Well tonsillitis is terribly common, I mean I'm sure millions of prescriptions are issued every year for things like tonsillitis. What is tonsillitis? Well it's a sore throat and it particularly affects the tonsils and it can be very unpleasant - you can get a high fever, you can get a headache, you can be pretty unwell with tonsillitis. Most cases of tonsillitis are caused by viruses. We know this by doing studies - taking swabs - we know that most of them are caused by viruses and we know that viruses do not respond to antibiotics. So the argument against using antibiotics is strong because most of the time they're unnecessary.

I mean it sounds like a sudden change for many patients but of course if you've been in general practice there's been a lot of pressure on antibiotic prescribing for some time, particularly with things like ear infections we've been told that we shouldn't be doing that. One of the problems that we have is when looking at the patient we can't tell whether it's a bacterial infection just by looking.

No if you look down someone's throat, no matter what anyone tells you, it's very, very difficult to know whether it's a bacterial infection or a virus infection, you just can't tell by looking. So you have to sort of use your judgement - how ill is this patient, do they have any complicating factors? But for the great, great majority of them they'll get better without antibiotics.

And how have your patients taken that message?

I think some patients come into the room knowing that antibiotics aren't the right thing and they leave the room feeling happy that you've reassured them about that. But there are many patients still who believe that the only way to get better from a sore throat or from an ear infection is to take antibiotics and sometimes they believe this on the basis of their own experience - they've taken it and they've got better - so that makes them think this is the way to do it.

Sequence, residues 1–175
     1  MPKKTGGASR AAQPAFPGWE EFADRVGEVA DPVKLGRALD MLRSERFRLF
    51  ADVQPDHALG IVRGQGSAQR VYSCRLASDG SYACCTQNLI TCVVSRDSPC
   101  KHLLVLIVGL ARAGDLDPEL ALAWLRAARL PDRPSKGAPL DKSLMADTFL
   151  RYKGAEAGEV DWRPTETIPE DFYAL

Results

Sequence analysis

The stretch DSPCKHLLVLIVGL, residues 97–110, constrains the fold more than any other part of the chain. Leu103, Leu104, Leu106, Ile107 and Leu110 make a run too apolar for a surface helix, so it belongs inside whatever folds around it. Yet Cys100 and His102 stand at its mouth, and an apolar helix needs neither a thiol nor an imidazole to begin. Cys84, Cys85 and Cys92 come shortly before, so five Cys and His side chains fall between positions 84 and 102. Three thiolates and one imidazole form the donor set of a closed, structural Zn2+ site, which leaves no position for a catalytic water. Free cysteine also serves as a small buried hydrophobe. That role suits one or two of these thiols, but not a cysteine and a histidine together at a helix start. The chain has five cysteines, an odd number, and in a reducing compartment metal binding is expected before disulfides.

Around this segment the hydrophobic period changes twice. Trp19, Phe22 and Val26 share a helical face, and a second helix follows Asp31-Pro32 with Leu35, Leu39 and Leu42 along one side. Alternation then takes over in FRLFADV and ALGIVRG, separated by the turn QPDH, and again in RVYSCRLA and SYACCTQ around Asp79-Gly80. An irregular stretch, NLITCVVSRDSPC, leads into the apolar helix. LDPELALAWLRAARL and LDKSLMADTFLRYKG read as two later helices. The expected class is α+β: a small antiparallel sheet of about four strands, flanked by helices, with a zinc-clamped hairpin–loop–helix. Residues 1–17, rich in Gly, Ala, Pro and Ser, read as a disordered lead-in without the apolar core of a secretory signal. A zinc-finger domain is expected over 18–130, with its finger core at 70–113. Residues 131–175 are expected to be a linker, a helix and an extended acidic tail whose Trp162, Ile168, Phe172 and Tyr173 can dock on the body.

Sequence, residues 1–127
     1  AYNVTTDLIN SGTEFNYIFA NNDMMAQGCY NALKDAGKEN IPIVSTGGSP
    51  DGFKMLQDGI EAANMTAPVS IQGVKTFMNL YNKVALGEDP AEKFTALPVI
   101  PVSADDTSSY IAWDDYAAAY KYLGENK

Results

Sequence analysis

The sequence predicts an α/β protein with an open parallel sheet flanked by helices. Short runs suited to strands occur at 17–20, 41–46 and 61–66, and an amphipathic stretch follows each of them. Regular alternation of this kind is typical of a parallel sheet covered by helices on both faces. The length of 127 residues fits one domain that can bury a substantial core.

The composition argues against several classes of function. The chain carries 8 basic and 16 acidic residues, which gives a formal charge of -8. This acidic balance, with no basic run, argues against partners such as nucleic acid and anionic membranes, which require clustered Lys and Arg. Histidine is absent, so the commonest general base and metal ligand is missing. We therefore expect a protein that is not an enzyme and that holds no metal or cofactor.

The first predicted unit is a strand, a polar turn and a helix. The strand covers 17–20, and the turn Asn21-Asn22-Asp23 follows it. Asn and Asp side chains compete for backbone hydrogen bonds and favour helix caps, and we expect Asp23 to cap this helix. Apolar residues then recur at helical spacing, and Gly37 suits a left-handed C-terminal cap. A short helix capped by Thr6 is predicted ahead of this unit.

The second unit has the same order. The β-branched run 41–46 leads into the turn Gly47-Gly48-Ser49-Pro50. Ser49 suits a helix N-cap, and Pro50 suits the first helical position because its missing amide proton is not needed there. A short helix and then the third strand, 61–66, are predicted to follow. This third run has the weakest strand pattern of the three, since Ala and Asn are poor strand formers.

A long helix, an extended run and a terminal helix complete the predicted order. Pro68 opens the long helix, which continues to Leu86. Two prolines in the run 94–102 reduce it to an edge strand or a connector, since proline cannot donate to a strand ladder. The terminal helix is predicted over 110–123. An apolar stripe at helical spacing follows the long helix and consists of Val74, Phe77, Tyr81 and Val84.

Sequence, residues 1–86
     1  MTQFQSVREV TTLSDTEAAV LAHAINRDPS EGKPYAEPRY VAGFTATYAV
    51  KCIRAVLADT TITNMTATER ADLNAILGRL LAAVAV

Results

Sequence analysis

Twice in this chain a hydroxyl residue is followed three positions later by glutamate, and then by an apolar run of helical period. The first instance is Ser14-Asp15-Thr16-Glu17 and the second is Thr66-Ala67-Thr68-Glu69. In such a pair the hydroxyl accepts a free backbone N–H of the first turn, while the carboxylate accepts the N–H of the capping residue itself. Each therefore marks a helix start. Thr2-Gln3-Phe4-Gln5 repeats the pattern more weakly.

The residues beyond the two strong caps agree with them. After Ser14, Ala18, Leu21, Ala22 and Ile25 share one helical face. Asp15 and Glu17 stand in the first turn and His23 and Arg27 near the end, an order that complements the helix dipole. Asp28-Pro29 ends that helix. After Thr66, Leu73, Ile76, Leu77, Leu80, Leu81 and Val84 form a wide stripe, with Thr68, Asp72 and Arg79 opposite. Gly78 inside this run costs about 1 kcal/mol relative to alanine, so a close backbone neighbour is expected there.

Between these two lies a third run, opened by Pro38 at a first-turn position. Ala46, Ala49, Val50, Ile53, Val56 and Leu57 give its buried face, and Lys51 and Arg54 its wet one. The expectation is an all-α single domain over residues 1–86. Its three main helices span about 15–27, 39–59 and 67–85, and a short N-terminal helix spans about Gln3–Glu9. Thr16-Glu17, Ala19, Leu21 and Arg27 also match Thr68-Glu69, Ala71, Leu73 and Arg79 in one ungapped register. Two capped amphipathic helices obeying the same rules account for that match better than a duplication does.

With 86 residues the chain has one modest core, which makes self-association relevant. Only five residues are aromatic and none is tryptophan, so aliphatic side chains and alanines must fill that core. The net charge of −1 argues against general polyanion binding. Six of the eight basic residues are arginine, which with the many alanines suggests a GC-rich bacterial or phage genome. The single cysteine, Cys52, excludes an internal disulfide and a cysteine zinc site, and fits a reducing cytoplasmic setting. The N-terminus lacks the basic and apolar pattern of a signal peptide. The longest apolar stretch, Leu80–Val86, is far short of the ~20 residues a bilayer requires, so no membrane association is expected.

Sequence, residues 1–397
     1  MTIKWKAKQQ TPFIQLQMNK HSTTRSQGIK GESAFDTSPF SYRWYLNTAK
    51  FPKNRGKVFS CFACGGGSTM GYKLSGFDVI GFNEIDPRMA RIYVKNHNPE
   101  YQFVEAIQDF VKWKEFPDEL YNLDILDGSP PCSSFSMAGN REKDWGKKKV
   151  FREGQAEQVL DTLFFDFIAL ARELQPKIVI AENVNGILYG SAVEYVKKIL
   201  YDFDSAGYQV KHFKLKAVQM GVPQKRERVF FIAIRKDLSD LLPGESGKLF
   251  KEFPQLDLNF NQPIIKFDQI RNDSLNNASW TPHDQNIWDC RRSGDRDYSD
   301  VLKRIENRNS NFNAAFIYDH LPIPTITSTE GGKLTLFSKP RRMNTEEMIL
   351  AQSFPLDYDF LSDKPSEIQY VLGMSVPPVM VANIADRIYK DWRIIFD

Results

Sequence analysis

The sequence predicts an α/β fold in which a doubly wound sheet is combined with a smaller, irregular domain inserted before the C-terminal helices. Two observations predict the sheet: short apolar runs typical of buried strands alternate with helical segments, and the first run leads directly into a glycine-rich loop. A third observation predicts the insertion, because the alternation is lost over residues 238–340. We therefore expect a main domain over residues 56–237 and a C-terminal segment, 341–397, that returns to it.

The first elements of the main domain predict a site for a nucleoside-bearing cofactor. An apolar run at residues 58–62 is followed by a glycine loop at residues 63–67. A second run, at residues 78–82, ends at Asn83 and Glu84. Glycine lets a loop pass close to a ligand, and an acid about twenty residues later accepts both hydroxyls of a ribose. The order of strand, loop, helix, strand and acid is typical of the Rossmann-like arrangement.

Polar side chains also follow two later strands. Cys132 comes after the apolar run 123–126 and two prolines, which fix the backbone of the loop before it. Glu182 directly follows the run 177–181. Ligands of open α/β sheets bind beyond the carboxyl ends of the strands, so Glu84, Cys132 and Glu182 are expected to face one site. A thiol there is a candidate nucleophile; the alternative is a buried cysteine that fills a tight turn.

Of course one of the problems with this evidence based practice is it's based on large groups of patients and we know that antibiotics make little difference, for instance, to recovery rates from ear infections but you and I know, looking at the coal face, that it transforms the recovery rates in some people and has no effect in the majority. So how can you tell, as a GP sitting there looking, whether you're doing this for the greater good of the patient or society in general?

Well I feel this is one of the new doctors' dilemmas really because you know we're faced with the dilemma - are we doing our best for the patient who's sitting in the chair across from us or are we doing best for the greater population in trying to reduce antibiotic prescribing and reduce antibiotic resistance? And sometimes it is a genuine conflict of interest because there are some patients - it's hard to identify them - but there's some patients who will do better if you give them antibiotics.

So what is the main driver behind the new NICE guidance - public health and the growing threat of antibiotic resistance or the wasting of precious NHS resources on treatments that are unlikely to work? Paul Little again.